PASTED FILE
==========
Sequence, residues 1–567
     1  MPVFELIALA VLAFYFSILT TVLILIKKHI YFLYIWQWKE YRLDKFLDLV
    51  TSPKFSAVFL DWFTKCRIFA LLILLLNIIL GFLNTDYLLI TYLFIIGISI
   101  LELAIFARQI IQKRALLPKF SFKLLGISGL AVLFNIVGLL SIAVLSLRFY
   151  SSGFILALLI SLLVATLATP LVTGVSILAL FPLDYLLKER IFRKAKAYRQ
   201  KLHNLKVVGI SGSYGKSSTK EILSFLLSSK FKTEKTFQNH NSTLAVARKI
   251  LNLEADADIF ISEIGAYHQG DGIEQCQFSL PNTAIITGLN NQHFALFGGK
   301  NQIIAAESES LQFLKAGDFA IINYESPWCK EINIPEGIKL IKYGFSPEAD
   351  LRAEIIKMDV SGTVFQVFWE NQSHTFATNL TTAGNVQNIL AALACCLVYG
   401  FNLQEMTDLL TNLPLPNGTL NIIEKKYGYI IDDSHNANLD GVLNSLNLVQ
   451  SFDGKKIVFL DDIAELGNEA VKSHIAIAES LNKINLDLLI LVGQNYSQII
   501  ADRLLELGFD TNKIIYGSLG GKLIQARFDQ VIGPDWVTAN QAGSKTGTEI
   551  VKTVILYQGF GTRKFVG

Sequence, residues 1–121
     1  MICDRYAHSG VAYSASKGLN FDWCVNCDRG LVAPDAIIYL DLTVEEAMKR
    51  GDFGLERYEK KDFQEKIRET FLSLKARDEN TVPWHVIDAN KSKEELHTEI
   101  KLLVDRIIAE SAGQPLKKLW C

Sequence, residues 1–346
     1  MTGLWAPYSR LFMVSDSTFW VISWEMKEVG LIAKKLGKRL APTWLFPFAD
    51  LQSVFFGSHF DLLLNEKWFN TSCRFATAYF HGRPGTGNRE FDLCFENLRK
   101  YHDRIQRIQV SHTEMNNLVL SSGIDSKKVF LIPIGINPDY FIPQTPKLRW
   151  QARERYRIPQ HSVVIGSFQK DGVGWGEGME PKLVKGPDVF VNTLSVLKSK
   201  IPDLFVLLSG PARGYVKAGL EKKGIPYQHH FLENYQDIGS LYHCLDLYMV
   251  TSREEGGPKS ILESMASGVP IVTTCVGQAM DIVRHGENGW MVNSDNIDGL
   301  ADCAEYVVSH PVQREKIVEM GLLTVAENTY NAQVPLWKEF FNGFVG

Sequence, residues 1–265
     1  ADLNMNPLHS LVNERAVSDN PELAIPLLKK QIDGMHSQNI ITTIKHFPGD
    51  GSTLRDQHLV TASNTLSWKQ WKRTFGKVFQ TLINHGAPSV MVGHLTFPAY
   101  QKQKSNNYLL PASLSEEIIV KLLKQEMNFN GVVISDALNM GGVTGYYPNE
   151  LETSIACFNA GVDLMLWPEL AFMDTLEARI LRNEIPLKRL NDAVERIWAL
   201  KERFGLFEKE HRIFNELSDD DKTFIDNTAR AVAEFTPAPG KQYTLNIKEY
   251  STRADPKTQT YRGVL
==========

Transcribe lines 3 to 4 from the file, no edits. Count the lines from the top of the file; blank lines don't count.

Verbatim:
    51  TSPKFSAVFL DWFTKCRIFA LLILLLNIIL GFLNTDYLLI TYLFIIGISI
   101  LELAIFARQI IQKRALLPKF SFKLLGISGL AVLFNIVGLL SIAVLSLRFY